Demonetisation of the high-value currency notes of ₹500 and ₹1,000 did not have any discernible impact on currency in circulation (CIC) in the country, which has soared by almost 83% since its announcement on November 8, 2016.
The Supreme Court on Monday upheld the decision of the government on demonetisation.
On November 8, 2016, Prime Minister Narendra Modi had announced demonetisation of old ₹1,000 and ₹500 banknotes and one of the key objectives of the unprecedented decision was to promote digital payments and curb black money flows.
According to the Reserve Bank data, the CIC in value terms soared from ₹17.74 lakh crore on November 4, 2016, to ₹32.42 lakh crore on December 23, 2022.
However, soon after demonetisation, the CIC fell precipitously to a low of about ₹9 lakh crore on January 6, 2017, nearly 50% of ₹17.74 lakh crore on November 4, 2016.
This was the lowest in the past six years following the scrapping of old 500/1,000 bank notes that accounted for around 86% of the total notes at that time.
Compared with January 6, 2017, the CIC has seen a more than 3-fold or 260% jump, while from November 4, 2016, it has seen about 83% jump.
As remonetisation gathered pace, CIC moved up week after week and reached 74.3% of the peak by the end of the financial year. Subsequently around 85% of its pre-demonetisation peak at the end of June 2017.
Demonetisation led to a decline in CIC by about ₹8,99,700 crore (up to January 6, 2017) resulting in a large increase in surplus liquidity within the banking system, equivalent to a cut in the Cash Reserve Ratio (percentage of deposits parked with the RBI) by about 9%.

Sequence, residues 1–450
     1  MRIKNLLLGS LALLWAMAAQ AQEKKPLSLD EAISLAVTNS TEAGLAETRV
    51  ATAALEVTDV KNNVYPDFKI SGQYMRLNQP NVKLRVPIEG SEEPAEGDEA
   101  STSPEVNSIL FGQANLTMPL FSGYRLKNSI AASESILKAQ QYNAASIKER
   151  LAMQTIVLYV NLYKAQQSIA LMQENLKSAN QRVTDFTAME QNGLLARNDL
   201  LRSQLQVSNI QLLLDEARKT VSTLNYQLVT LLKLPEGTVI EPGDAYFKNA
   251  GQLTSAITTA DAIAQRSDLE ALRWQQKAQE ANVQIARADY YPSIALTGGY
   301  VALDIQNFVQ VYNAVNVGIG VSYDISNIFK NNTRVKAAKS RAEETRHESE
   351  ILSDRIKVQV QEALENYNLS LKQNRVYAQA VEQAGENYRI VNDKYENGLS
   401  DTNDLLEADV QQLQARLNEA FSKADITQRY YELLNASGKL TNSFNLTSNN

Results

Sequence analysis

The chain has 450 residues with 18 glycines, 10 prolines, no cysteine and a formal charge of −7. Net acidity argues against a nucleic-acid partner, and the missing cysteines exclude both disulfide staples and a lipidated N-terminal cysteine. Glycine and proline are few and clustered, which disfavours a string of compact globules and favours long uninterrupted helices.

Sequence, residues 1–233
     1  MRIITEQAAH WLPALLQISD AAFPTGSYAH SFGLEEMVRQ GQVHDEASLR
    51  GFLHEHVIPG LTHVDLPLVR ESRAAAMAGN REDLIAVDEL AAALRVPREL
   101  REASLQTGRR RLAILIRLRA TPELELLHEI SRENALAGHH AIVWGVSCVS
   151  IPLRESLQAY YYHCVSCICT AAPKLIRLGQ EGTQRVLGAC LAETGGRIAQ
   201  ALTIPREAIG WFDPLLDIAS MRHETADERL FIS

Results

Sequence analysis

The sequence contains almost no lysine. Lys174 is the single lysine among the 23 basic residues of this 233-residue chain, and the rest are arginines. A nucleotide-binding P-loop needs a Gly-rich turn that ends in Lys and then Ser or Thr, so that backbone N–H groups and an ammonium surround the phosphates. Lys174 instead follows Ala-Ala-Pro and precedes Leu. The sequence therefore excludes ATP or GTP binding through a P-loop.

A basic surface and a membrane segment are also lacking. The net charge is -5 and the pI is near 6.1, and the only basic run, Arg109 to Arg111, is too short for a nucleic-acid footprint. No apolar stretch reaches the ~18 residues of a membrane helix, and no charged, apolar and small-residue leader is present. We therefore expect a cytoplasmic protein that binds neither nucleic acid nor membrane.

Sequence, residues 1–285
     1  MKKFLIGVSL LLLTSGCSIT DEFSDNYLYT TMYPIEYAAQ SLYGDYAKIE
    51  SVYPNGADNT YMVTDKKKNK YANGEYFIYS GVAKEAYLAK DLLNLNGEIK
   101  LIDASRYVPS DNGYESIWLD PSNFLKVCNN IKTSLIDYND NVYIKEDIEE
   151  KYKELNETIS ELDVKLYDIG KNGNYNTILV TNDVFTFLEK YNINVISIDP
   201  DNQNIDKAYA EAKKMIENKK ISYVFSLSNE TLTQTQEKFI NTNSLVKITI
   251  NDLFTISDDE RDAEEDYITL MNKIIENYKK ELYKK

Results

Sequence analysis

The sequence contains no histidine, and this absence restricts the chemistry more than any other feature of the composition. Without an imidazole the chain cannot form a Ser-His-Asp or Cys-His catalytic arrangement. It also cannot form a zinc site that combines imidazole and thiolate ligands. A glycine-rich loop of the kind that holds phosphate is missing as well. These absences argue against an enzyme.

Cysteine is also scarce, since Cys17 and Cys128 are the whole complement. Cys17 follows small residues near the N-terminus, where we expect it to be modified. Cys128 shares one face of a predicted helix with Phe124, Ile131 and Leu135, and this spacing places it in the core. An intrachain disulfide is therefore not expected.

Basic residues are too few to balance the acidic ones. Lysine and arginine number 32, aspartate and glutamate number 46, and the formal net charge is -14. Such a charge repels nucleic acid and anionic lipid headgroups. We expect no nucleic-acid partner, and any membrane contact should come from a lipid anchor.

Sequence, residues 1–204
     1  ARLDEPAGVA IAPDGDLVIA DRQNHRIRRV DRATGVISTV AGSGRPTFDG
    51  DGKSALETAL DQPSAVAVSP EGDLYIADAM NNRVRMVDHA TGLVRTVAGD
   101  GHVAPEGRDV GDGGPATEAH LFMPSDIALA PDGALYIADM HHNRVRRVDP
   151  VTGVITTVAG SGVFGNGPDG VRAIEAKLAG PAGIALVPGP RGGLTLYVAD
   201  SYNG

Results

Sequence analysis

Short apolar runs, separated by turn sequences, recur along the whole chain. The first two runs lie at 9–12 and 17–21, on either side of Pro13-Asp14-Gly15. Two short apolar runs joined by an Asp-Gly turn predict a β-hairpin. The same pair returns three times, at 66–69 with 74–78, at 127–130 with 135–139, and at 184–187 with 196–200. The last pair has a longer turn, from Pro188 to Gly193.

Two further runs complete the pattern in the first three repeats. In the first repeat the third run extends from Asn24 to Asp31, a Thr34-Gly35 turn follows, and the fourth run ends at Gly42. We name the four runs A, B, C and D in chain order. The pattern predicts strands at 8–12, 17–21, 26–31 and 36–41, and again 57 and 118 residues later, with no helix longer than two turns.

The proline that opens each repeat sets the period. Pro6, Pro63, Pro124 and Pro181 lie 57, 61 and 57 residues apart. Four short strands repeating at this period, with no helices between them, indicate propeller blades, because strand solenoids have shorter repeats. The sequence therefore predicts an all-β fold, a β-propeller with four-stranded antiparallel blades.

This posed a challenge to the Reserve Bank’s liquidity management operations and the central bank used instruments, especially reverse repo auctions under the liquidity adjustment facility (LAF) window to absorb surplus liquidity in the banking system.
CIC rose to ₹32.42 lakh crore at the end of December 23, 2022 as compared to ₹31.33 lakh crore at the end of March 31, 2022.
Since demonetisation, CIC has seen an increase barring the year of demonetisation. CIC contracted by 20.18% to ₹13.10 lakh crore at the end of March, 2016 from ₹16.42 lakh crore at the end of March 31, 2015.
In the following year of demonetisation, it jumped by 37.67% to ₹18.03 lakh crore and surged 17.03% to ₹21.10 lakh crore at the end of March 2019 and 14.69% to ₹24.20 lakh crore at the end of 2020.
In the previous two years, the pace of CIC growth in value terms was 16.77% to ₹28.26 lakh crore on March 31, 2021, and 9.86% to ₹31.05 lakh crore at the end of March 31, 2022.
Asserting that the decision-making process was not flawed, the Supreme Court in a 4:1 majority verdict upheld the government’s 2016 decision to demonetise the ₹1,000 and ₹500 denomination notes.
There has to be great restraint in matters of economic policy and the Court cannot supplant the wisdom of the executive by a judicial review of its decision, a five-judge Constitution bench of the Supreme Court, headed by Justice S. A. Nazeer, said.
Justice B. V. Nagarathna dissented from the majority judgment on the point of the Centre’s powers under section 26(2) of the RBI Act and said the scrapping of the ₹500 and ₹1,000 series notes had to be done through legislation and not through a notification.
“Parliament should have discussed the law on demonetisation, the process should not have been done through a gazette notification. Parliament cannot be left aloof on an issue of such critical importance for the country,” Justice Nagarathna said.
She also said there was no independent application of mind by the Reserve Bank of India (RBI) and only its opinion was sought, which cannot be said to be a recommendation.
The bench, also comprising justices B. R. Gavai, A. S. Bopanna, and V. Ramasubramanian, said the Centre’s decision-making process could not have been flawed as there was consultation between the RBI and the Union government.
The Supreme Court’s judgment came on a batch of 58 petitions challenging the demonetisation exercise announced by the Centre on November 8, 2016.